Current Problems

Missing Children and Burial Information (71-76)

Probing the past: residential school secrets and archival challenges

September 30, 2023

How do we balance privacy legislation with the public’s right to know?

The red honour roll is based on the national student registry. Photo: Danielle Paradis/APTN. 

If you are feeling triggered by the events today, the Indian Residential Schools Crisis Line (1-866-925-4419) is available 24 hours a day for survivors experiencing pain or distress about their residential school experiences.

APTN News: The discovery of 215 potential graves at the former Kamloops Residential School in British Columbia started a modern reckoning across Canada–and around the world.

Since then communities across the country have been doing their own searches and trying to find the records of children who went missing.
For survivors and their descendants, the search for truth remains a formidable quest.

The last residential school’s doors were shuttered in 1996 and living witnesses to this period endure, but the picture remains incomplete.

Kerry Gladue’s mother, who in life went by Jeannie Margarate Gladue but in school records was called “Jane Gladu,” didn’t talk much about her childhood as her son was growing up. Although she physically survived the ordeals of residential school, she carried deep scars from that time.

“She didn’t talk about her life much…There were a lot of addictions growing up with her. A lot of suicide attempts,” Kerry told APTN News. He wrote a bookon both his and his mother’s life stories. “She was always with men who were abusive and there was a lot of alcohol and drugs.”

Jeannie lived on the street for some time in her young adult life before meeting a Métis man from Fort McMurray with whom she had three children, including Kerry. She became ill with cancer in the 2000s and that is when she started to talk to Kerry and his brother and sister about her time in residential school. Jeannie went to Grouard, also known as St. Bernard’s residential school nearly 300 km northwest of Edmonton.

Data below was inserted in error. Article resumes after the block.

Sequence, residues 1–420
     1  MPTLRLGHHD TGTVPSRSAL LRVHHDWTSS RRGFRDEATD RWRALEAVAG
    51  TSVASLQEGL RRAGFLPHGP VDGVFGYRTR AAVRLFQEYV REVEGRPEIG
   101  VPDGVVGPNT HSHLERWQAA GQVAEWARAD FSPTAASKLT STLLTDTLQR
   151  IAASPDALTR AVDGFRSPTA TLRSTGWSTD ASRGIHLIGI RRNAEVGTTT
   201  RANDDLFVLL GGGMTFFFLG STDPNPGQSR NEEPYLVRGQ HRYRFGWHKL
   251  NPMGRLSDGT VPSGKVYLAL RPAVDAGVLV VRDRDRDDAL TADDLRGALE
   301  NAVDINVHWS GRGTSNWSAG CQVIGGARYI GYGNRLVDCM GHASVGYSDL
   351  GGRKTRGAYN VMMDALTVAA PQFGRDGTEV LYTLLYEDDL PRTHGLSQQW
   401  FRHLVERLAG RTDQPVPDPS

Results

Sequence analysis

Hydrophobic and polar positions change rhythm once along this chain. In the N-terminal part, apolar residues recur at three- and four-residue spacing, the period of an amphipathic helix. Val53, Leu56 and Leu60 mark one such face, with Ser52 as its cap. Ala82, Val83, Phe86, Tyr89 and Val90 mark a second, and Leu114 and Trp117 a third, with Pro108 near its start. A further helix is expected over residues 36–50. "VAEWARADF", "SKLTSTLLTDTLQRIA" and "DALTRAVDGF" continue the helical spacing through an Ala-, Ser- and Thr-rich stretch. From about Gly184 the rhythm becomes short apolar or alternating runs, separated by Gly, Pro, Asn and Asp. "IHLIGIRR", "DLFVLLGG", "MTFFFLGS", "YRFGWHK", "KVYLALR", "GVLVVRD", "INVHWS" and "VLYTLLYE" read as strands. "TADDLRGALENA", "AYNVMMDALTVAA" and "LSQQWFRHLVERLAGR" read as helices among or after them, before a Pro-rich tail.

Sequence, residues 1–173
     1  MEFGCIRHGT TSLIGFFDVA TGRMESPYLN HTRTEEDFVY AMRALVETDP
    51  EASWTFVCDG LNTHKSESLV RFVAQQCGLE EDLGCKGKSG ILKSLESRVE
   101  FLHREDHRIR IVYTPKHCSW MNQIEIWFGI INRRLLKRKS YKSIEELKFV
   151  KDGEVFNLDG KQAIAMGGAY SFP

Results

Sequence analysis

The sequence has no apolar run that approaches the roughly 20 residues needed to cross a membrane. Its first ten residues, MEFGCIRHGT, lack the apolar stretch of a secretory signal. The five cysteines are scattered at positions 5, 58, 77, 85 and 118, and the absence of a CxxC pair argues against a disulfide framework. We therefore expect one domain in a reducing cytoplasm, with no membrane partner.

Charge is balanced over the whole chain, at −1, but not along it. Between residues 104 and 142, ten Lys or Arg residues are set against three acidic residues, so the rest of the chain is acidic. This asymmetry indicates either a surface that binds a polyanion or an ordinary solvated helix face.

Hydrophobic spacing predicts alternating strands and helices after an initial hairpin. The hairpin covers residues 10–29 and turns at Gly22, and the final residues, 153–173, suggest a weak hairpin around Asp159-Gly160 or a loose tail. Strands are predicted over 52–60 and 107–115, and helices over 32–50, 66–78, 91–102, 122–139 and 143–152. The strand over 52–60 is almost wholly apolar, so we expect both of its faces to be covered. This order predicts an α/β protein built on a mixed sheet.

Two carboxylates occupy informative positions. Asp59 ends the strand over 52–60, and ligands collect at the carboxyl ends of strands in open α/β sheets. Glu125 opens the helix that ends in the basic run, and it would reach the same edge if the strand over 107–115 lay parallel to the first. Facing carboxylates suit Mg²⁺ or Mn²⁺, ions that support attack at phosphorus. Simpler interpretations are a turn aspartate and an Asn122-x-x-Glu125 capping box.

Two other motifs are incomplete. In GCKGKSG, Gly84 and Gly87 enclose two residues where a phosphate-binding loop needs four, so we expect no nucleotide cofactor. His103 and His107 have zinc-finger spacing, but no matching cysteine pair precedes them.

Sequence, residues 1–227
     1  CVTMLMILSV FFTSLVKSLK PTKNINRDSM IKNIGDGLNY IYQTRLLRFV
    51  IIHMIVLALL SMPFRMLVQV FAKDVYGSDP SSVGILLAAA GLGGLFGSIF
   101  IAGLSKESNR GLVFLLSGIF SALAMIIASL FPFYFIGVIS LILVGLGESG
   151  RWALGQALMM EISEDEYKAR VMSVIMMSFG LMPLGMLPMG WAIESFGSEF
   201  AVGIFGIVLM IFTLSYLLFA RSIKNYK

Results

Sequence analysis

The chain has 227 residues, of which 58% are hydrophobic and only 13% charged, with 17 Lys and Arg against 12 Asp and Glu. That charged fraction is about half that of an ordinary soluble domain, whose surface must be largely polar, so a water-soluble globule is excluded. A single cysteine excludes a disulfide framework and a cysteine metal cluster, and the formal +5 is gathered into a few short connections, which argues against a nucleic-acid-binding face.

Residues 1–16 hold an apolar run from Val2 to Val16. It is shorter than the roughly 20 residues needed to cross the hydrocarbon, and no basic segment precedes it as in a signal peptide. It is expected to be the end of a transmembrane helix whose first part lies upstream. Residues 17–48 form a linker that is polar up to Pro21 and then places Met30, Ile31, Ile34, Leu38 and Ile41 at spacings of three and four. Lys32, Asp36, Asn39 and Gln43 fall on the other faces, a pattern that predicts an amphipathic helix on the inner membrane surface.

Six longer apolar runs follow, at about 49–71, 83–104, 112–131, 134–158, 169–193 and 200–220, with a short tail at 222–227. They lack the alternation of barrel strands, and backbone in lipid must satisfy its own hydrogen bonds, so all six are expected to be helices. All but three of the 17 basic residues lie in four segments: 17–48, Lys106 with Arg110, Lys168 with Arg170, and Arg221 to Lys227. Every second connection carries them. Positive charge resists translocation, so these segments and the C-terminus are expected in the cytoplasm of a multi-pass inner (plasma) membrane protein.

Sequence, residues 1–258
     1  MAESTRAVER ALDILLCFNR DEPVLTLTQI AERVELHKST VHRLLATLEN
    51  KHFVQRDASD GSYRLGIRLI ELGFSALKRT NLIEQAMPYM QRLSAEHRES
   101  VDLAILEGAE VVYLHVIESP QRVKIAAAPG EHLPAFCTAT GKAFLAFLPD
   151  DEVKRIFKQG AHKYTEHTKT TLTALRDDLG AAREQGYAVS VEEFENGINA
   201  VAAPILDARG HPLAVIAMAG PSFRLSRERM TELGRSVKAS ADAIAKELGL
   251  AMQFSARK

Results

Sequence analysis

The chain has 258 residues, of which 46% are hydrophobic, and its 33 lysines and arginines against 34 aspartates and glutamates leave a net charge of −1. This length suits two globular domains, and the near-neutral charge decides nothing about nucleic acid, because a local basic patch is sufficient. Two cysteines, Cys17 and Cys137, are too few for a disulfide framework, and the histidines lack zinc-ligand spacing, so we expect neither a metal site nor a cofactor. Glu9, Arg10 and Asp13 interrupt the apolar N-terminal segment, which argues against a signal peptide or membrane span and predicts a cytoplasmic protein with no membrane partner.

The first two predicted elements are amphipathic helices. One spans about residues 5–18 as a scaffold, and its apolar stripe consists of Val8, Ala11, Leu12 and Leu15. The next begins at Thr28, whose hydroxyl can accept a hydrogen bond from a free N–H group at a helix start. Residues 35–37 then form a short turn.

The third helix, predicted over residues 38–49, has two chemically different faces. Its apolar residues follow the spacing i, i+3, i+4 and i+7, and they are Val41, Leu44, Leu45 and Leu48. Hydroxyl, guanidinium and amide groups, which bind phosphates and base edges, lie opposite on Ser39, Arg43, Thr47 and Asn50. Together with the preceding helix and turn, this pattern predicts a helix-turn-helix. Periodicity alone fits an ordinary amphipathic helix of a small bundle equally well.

After the school was closed in 1961, Jeannie was placed in three different foster homes and a group home. He knows this because he has her medical records and records from the 2007 Indian Residential Schools Settlement Agreement.

She brought them to Grouard Residential School when Kerry was 37 or 38. It was near the end of her life.

The former Grouard Residential School in Alberta. Photo: Indian Residential School History & Dialogue Centre

“She pointed out the place she knew children were buried, which they later confirmed,”’ he said.

In March of 2022, the nearby Kapawe’no First Nation uncovered 169 potential unmarked graves on the grounds of the former Catholic residential school.

Jeannie got the base amount that survivors recieved for being sent to residential school but she did not receive extra compensation meant for abuse victims. “She was raped by a priest…every Sunday he would take her to his car and rape her,” said Kerry. “She would come back with a bag of candy and that’s how the other kids would know. But there were no witnesses so she couldn’t prove it.”

After his mother passed, Kerry had a chance to look deeper at her records, obtained from the settlement agreement, as well as her medical records.

There are still some mysteries to Kerry and his family. His mother was taken from her parents when she was just over two years old and Grourard was the only home she had ever known. They do not know why she was taken from home so early.

Jeannie’s residential school was a home with a difficult history to acknowledge.

Photo: Unmarked burial sites associated with Indian Residential Schools. Current searches and possible burial sites. Used with permission of the Office of the Special Interlocuter for Missing Children and Unmarked Graves and Burial Sites. 2023.

Since that time, a country-wide search for answers has taken place community by community. Preliminary findings have been in the news and many communities are still in the early stages of archival research and working with third-party organisations to plan their search.

But the ground penetrating radar events that make the news do not tell the entire story.

“What technology can do is sometimes provide specific locations and it helps communities protect and commemorate and do those other kinds of things. But we’re not out to prove this. There’s already plenty of proof,” said Kisha Supernant, director of the Institute of Prairie and Indigenous Archeology at the University of Alberta to APTN.

Read more:

How ground-penetrating radar is used to find unmarked graves at residential schools

With rising backlash and residential school denialism, Supernant said people need to understand more about the research that goes into finding children who went missing from their time in residential school. 

“I think that’s a really important message because there’s been this pushback of like, ‘Well, no bodies.’ We don’t need bodies. “We have thousands upon thousands of pages of records on children who died. Technology is useful, but it is not the only way to find answers,” said Kisha Supernant